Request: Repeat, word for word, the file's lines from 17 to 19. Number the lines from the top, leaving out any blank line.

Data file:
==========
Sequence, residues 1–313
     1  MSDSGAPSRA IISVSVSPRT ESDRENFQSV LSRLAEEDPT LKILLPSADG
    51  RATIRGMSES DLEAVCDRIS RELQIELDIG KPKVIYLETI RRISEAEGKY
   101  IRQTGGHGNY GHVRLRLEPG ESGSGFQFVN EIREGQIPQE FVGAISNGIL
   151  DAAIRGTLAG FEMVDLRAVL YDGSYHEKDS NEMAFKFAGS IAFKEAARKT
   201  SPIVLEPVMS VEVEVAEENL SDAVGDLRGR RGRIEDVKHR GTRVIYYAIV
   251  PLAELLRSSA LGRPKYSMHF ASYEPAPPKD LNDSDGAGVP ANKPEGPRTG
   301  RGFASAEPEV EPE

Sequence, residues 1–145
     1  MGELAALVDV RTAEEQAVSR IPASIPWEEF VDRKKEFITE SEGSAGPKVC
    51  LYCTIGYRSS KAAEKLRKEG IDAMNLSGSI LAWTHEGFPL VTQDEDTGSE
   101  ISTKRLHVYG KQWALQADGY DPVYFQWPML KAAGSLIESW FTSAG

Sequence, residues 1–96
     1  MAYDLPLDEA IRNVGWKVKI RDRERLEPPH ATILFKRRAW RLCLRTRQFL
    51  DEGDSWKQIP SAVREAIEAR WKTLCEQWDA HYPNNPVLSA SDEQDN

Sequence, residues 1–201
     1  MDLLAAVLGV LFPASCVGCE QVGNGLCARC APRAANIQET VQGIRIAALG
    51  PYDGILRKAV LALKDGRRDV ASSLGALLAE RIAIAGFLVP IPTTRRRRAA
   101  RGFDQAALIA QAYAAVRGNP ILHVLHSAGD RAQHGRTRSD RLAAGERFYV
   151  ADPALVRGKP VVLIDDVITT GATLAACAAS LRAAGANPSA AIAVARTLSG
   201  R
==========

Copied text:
     1  MDLLAAVLGV LFPASCVGCE QVGNGLCARC APRAANIQET VQGIRIAALG
    51  PYDGILRKAV LALKDGRRDV ASSLGALLAE RIAIAGFLVP IPTTRRRRAA
   101  RGFDQAALIA QAYAAVRGNP ILHVLHSAGD RAQHGRTRSD RLAAGERFYV